Fans of Dream Catalogue will know AUT2M well – a mainstay on the label for years with album releases, radio appearences and multiple singles under his belt, there is no doubt that AUT2M has earned his spot amongst the DREAM Residents
We caught up with him to see what he’s up to, and to see where he’s going and what he’s doing, going forward into the new decade.
What have you been working on as of late?
AUT2M: I’ve mostly been working on my next Dream Catalogue album for the past year and a half, with a few breaks in between for other releases. All the singles I’ve been releasing are tracks that were supposed to be on the next album but got cut for various reasons. I’ve restarted like five times now, currently it’s about halfway done again, but I might decide to scrap it again later. I’ve also been working on a minimal ambient album for Forgot Imprint which is almost done, only have some mixing and mastering left to do. Of course I’ve also been working on dubstep for my Anecho alias.
What’ve you been listening to in your own time? Do you unwind to music in the same genre you make, or do you listen to different stuff entirely?
AUT2M: I listen to loads of different genres, but mostly dubstep. It always comes in phases with me, so I’ll listen to ambient for a while, then to dubstep, then to jazz, then hip hop, then grime, then classical, etc. I guess dubstep is the one I most often listen to, for the past 2 months or so I’ve been into that, although I’m starting to get back into ambient again now. I also have a Burial phase and a separate James Blake phase once a year or so, where I only listen to their music for a few weeks.
Do you view anyone to be your “competition” in the music scene?
AUT2M: No, I’m not a competitive person at all. I only actively follow a select few people in the scene and the others I catch up on every once in a while when I’m in my dreampunk phase.
” I listen to loads of different genres, but mostly dubstep. It always comes in phases with me, so I’ll listen to ambient for a while, then to dubstep, then to jazz, then hip hop, then grime, then classical, etc. “
You recently said on Twitter that you’re “Retiring once I get my own Wikipedia page” – Is that the goal with music, or is there something more past that?
AUT2M: When I originally started making music the goal was to have a release on Dream Catalogue, then when that got confirmed the new goal was to have a vinyl release, that’s coming this summer on my dubstep alias, so I needed another goal. I think Wikipedia would be a good one, but I have no clue how doable that is. I was mostly kidding with that tweet to be honest. Having my own Wikipedia page would be incredible, but I’m not really actively working towards that goal. I don’t believe in “retiring” anyways. I doubt I’ll ever be able to stop making music, it’s an addiction.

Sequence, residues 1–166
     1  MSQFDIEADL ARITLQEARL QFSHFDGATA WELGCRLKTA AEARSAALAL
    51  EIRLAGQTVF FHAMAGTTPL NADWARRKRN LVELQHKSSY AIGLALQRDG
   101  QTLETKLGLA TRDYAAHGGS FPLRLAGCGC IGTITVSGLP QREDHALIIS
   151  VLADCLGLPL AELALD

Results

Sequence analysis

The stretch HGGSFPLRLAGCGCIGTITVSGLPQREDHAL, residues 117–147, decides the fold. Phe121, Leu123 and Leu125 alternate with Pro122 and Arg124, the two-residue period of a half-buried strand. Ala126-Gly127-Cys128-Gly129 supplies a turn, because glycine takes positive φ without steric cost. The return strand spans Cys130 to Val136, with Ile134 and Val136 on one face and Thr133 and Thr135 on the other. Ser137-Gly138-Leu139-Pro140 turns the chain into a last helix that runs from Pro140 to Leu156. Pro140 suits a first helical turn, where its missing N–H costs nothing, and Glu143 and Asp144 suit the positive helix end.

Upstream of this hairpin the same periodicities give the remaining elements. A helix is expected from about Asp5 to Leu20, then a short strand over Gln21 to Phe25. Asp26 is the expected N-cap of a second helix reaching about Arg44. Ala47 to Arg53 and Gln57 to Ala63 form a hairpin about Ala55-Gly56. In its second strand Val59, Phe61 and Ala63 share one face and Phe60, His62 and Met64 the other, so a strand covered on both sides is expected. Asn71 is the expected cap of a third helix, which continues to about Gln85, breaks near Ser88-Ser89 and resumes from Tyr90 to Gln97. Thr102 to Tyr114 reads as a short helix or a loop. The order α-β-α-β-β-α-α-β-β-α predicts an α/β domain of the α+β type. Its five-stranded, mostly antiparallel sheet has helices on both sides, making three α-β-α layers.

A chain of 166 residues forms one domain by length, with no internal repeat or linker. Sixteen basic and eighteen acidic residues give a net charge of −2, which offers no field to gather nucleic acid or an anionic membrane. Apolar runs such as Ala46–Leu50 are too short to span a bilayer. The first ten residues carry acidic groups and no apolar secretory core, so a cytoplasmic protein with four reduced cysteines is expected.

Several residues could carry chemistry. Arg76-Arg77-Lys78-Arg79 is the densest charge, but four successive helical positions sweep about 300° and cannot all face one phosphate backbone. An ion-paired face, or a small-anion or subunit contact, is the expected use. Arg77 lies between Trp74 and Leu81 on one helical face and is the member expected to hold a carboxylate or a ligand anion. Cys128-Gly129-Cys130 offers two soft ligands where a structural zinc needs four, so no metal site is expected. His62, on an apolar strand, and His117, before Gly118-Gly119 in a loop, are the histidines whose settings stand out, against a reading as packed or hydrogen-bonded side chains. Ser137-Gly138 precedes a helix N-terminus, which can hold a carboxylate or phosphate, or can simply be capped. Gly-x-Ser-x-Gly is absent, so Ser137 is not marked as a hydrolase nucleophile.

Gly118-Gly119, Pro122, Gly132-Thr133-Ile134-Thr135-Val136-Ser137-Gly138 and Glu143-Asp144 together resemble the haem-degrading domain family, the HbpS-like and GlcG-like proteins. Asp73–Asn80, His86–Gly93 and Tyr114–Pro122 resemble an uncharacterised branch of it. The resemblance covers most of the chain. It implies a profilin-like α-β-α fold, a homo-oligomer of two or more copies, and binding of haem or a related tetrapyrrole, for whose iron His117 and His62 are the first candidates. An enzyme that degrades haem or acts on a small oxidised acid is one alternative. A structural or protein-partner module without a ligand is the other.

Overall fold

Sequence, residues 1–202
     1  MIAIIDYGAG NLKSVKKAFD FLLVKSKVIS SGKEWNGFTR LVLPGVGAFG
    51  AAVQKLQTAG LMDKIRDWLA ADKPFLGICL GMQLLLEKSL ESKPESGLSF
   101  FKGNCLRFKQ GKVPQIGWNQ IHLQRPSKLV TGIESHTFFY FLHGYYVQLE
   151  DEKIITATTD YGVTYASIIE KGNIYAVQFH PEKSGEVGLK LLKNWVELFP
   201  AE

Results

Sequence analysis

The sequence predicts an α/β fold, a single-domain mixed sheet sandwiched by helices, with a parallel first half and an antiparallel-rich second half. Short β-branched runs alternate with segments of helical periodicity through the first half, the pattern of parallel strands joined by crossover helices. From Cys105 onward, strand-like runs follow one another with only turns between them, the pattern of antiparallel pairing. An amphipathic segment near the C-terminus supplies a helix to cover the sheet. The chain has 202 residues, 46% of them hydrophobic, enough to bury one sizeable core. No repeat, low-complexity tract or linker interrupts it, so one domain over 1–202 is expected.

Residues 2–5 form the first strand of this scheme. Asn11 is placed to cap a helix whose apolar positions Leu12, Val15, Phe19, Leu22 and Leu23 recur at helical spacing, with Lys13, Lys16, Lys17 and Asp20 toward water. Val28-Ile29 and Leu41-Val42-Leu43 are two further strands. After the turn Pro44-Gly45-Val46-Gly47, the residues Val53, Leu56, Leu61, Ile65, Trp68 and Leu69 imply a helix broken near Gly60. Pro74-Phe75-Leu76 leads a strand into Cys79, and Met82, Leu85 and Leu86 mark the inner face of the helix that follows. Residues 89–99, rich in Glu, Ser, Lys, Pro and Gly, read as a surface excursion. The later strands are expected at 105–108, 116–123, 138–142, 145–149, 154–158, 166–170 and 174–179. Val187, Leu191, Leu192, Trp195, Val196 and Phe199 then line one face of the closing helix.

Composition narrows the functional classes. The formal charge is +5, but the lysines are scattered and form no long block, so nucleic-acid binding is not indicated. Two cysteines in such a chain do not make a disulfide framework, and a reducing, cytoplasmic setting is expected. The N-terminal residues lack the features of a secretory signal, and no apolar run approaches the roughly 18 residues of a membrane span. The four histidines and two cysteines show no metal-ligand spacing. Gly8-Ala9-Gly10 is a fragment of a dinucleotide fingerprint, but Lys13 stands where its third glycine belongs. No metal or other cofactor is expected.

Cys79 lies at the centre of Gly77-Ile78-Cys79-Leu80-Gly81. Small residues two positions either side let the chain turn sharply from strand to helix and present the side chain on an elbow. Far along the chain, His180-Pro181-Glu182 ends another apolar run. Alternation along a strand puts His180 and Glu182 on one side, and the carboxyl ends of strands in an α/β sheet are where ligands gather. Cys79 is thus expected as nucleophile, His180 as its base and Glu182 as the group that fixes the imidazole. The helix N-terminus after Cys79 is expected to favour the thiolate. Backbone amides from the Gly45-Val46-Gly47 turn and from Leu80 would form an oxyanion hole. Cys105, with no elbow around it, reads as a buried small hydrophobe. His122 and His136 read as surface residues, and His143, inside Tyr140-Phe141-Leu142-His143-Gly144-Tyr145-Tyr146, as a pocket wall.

What’s the longest you’ve ever worked on one track?
AUT2M: I’ve got a few tracks that I’ve been stuck on for about a year that I still plan on finishing. I often work on many tracks at the same time, so it all takes a while. I’ve currently got like thirty or forty ongoing projects. Most of those were started in the past six months, but there’s some from last year too. If I work on only one track then it will take me between a day and a week usually.
It seems that both you and Coldboy are spending a lot of time working on your respective albums. Do you feel that there’s a standard to live up to, like the album needs to be really polished before it goes out there?
I definitely want fans to like the release, but I’d say most of the pressure comes from myself. I don’t want to listen back to the album in a year and be disappointed by it because I didn’t put as much effort into it as I could.
When listening back to something you’ve made, how do you decide whether it’s “finished” or not?
AUT2M: I never consider it finished, I always want to improve on it. I generally consider an album ready for release if I get too sick of the music to continue working on it. But, if releasing it takes months then in those months I might get back on it again.
I’ve made changes to albums months after they were released, but I usually don’t bother updating them unless its a massive change. Corrupt was made two years before it got released and during that time I went through all the tracks and mixed and mastered them again like five times. I do this with most of my releases.
As a self-proclaimed “music addict”, where do you see your addiction taking you as we approach the end of music? Or do you believe that music still has more left in the tank?
AUT2M: I think the end of music is a really interesting and fun concept. It’s so hard to imagine what direction music will go in the future, it certainly seems like we’ve reached the end. I’m 100% sure new genres will keep popping up in the future though, I just have no clue what they’ll sound like.
How I see the end of music is that it basically means that there’s no rules anymore as it’s all been done anyways. This removes a lot of pressure from you because it doesn’t matter anymore whether your music fits in a certain style or genre. This was also why I really liked the hardvapour and flap concepts. They both turn a genre around and remove pretty much all restrictions from it. Hardvapour did that with vaporwave, flap does it with trap, and ‘end of music’ does it with all music.
” I think the end of music is a really interesting and fun concept. It’s so hard to imagine what direction music will go in the future, it certainly seems like we’ve reached the end.”